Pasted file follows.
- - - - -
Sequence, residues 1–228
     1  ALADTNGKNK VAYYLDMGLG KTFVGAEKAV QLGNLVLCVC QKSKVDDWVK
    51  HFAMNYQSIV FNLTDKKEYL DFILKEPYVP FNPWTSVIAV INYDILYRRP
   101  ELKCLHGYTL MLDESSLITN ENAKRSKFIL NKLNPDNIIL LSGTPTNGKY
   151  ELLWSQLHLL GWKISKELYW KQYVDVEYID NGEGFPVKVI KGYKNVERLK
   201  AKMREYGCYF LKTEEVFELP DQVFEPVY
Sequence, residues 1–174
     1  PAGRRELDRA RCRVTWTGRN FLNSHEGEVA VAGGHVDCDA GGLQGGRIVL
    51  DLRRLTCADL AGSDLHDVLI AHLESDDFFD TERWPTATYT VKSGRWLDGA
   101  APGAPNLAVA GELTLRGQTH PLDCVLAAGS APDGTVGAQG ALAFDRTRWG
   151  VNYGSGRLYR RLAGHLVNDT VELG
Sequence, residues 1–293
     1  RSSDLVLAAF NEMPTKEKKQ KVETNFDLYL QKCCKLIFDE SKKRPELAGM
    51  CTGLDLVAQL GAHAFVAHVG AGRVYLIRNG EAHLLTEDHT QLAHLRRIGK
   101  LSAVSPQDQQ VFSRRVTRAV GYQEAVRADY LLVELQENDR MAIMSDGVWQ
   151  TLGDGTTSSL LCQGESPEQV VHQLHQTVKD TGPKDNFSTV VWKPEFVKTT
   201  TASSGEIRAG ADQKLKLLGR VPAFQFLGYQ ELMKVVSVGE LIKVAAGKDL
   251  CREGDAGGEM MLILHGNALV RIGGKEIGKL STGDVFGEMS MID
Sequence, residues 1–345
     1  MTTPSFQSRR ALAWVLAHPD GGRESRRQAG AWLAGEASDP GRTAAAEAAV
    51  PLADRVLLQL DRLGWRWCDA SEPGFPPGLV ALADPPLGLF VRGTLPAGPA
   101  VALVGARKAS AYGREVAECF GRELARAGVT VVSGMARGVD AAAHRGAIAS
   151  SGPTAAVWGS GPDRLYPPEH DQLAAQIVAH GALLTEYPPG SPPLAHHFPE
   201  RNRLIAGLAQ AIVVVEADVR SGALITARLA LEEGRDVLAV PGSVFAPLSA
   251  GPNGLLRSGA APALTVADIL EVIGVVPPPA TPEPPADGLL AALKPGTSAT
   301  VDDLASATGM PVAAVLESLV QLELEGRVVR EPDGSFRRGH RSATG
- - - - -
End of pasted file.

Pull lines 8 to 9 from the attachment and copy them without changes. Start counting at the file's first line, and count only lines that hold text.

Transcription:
     1  PAGRRELDRA RCRVTWTGRN FLNSHEGEVA VAGGHVDCDA GGLQGGRIVL
    51  DLRRLTCADL AGSDLHDVLI AHLESDDFFD TERWPTATYT VKSGRWLDGA